LGBTQ+ Films at the Norwegian Kosmorama Film Festival

Norway is famous for many things, such as the beautiful fjords, the glittering white snow or the Viking legends, but it is not famous for its vibrant social life. This is why we were so excited when we heard there would be an international film festival in Trondheim at the beginning of March. It really was fantastic, both as a social experience and from an LGBTQ+ perspective.

The Kosmorama international film festival, whose motto is “To see the world from many perspectives”, is practically comparable to the Hungarian Verzió international human rights documentary film festival and the Budapest International Documentary Festival (BIDF), at least for us it evoked nostalgic feelings. Kosmorama, however, is much older than either of the two: it has been running in Trondheim since 2005. For a week, more than 80 films (a mix of feature films and documentaries) can be seen at the festival.

It was a pleasant surprise that the opening film was LGBTQ+-themed, and that it didn’t deal with some Middle Eastern, African, or other far-off country’s problem, but rather served as a mirror for the local, Norwegian reality. The film’s title is even self-critical: The Norwegian Dream. Of course, I’m not happy that the LGBTQ+ theme is once more related to a “challenge” or “victim” narrative, but it was uplifting to see that even a culture which is strikingly open and progressive about LGBTQ+ rights is capable of critical self-reflection, rather than just looking for problems in other places. It also says a lot about Norwegian public life and education that the director of the film is a lecturer at a university in Trondheim (Anna is proud to work there).

Of the lesbian-themed films at the festival, we were able to watch two, and both films were a memorable experience. One of them was a British film called Blue Jean. The story takes place at the end of the 80s in Great Britain where a decree very similar to the current (!) Hungarian “pedophile law” is being introduced by the Thatcher government: only heterosexual values can be promoted in school. The protagonist is a young teacher called Jean who spends her nights at the local gay bar with her lesbian friends and her partner but hasn’t come out at school. It becomes more and more difficult for her to deal with the dual pressure from her friends and colleagues who are pushing her to choose a heterosexual partner and from her girlfriend and friends who are demanding a more free life and open sexuality. When a lesbian student arrives in her class, she is faced with a choice: how or whether she can set an example for this young girl.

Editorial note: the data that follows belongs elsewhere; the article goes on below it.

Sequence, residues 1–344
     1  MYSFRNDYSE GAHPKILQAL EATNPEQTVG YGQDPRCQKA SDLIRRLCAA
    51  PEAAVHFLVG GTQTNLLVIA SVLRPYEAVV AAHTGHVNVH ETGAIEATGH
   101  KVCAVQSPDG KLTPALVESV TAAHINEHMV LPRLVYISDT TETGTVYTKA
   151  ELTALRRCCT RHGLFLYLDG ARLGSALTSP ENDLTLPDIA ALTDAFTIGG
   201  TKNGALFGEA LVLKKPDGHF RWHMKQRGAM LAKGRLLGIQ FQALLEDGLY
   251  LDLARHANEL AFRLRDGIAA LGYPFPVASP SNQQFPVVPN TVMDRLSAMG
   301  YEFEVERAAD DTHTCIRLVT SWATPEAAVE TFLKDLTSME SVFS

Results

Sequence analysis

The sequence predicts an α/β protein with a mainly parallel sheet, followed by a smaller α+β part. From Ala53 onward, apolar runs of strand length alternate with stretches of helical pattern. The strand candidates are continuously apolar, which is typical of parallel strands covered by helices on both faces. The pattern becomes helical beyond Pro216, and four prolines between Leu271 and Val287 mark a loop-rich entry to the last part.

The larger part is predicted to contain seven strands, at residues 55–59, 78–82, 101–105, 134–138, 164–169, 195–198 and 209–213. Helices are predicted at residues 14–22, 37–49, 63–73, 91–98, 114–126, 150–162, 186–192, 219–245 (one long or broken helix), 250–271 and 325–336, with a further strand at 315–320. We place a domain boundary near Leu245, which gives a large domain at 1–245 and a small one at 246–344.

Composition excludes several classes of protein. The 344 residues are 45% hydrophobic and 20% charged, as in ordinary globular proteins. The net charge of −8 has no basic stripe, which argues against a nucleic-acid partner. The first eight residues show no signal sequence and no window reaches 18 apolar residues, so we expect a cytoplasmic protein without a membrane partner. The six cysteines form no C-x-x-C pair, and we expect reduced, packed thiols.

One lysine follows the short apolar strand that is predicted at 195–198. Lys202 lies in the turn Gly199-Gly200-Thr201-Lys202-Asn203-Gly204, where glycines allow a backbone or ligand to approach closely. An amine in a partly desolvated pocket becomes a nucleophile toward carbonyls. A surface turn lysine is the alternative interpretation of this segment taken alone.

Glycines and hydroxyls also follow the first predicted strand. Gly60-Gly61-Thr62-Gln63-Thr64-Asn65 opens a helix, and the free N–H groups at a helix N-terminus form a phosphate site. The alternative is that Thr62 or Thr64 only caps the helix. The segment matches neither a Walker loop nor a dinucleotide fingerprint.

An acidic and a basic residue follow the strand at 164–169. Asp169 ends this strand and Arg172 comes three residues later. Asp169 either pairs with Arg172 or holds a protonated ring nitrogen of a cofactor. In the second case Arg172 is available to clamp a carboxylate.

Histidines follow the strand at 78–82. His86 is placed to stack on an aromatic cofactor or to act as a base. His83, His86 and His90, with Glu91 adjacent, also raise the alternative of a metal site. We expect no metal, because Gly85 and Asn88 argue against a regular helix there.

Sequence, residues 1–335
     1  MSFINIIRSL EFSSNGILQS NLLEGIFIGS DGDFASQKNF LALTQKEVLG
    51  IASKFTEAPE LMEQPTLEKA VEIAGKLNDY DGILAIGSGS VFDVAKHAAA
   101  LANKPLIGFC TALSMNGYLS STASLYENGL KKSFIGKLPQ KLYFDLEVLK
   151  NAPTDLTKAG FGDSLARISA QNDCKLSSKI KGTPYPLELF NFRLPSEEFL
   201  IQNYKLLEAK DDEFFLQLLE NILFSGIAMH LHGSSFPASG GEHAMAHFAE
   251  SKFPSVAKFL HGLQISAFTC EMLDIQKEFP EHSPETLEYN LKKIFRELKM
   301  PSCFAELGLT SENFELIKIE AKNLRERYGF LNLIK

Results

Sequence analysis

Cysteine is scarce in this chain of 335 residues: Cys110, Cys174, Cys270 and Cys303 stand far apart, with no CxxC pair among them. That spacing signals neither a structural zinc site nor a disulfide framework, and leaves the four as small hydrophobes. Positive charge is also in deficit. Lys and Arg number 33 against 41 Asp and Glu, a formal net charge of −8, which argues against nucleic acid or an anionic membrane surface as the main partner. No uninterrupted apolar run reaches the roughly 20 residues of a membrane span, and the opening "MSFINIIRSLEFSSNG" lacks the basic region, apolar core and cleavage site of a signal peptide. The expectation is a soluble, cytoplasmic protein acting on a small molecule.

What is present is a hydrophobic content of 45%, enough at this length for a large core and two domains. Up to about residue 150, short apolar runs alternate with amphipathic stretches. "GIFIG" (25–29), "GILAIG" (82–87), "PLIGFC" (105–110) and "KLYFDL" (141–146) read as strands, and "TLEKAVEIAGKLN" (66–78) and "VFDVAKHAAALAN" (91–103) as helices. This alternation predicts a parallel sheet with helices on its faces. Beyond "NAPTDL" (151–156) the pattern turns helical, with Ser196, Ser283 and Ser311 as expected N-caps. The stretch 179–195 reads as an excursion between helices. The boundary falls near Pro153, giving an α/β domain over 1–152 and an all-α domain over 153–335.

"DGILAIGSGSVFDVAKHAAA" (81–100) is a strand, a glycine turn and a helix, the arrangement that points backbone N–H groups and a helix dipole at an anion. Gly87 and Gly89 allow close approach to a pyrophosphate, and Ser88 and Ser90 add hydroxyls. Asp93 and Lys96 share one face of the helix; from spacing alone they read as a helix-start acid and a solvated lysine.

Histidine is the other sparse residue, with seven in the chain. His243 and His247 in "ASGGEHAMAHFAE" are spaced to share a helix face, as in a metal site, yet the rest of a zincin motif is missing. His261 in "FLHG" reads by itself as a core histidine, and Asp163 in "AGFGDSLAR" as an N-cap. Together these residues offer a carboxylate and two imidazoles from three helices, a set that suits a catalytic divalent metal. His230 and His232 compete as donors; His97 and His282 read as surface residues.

The story and the portrayal of the characters was realistic, but not depressing. This struggle can be really familiar to us, which is obviously sad from the perspective that Hungary is again/still here. But, the film also gives some hope: step by step, progress is not inconceivable, and the community can give a lot of strength to the individual, even when the situation seems hopeless.

The second film which is worth mentioning is a Swedish-Belgian-Norwegian documentary called Nelly & Nadine. A while back, one of my favorite lesbian-themed films was Aimée & Jaguar, from ‘99. So, when I saw this film which also had two female names in the title and it turned out to be a WWII story, I thought it was fate. I must admit, I still was not expecting such a beautiful film.

This documentary is the story of a love that began in the Ravensbrück concentration camp and was to be fulfilled over 20 years. Nelly was a Belgian singer and mother of two, while Nadine was a Chinese-Spanish lawyer and member of a Parisian lesbian-feminist writer’s circle when captured. They met each other and fell in love at Ravensbrück. A few years after the war, they moved together to Venezuela and lived there until Nadine’s death in the 70s. Nelly’s daughter and grandchildren didn’t know anything about the relationship. Even though they regularly visited Nelly in Caracas, no one ever asked why Nadine lived with her.

Neither of them is alive anymore, but fortunately their story was not lost: Nadine took a lot of photos and videos, while Nelly, on the other hand, wrote a lot. So, there is a lot of documentation of their life together. Thanks to the film crew, the captivity, the love, the longing, and the happy life in Caracas practically unfold before our eyes as Nelly’s granddaughter Sylvia, in her fifties, living on a farm in northern France, reads the diary entries and watches the footage. We follow her as she discovers and comes to terms with the secret that her grandmother was a war hero and resistance fighter, as well as a lesbian who was devoted to the masculine-looking Chinese-born lawyer known to the family only as Nadine.

Just like in Blue Jean, the portrayal of the characters was authentic in Nelly & Nadine: not one-dimensional characters, but real people unfold before our eyes. People who make you think, inspire you, and make you want to embrace the one beside you (ideally your love ).

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